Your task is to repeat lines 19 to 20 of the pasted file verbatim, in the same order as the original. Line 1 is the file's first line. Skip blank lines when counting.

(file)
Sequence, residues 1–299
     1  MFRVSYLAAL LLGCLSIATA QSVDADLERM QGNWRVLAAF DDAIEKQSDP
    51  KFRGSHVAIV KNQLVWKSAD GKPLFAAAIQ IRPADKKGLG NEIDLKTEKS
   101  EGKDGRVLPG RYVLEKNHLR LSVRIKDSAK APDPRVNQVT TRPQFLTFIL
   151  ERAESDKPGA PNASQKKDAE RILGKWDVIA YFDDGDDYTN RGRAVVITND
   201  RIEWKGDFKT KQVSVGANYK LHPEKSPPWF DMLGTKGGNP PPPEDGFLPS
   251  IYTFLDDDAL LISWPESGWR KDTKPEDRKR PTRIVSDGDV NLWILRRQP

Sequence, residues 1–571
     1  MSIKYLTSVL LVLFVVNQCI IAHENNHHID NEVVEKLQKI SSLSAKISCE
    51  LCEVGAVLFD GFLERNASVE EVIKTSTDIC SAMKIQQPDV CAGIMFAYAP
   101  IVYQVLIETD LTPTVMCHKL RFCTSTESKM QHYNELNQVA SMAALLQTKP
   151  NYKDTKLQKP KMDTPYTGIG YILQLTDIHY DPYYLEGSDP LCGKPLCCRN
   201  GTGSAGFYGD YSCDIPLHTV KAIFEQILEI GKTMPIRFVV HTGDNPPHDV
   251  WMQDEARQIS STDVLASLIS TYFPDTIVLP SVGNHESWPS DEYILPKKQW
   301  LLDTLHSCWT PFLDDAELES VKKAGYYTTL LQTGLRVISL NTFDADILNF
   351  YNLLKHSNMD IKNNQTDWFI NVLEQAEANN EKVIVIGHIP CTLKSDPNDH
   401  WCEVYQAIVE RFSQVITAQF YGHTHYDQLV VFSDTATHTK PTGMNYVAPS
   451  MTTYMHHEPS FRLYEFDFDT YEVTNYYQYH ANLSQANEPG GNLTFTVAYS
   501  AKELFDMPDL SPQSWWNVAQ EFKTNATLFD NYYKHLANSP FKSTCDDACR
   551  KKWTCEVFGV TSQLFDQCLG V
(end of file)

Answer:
   501  AKELFDMPDL SPQSWWNVAQ EFKTNATLFD NYYKHLANSP FKSTCDDACR
   551  KKWTCEVFGV TSQLFDQCLG V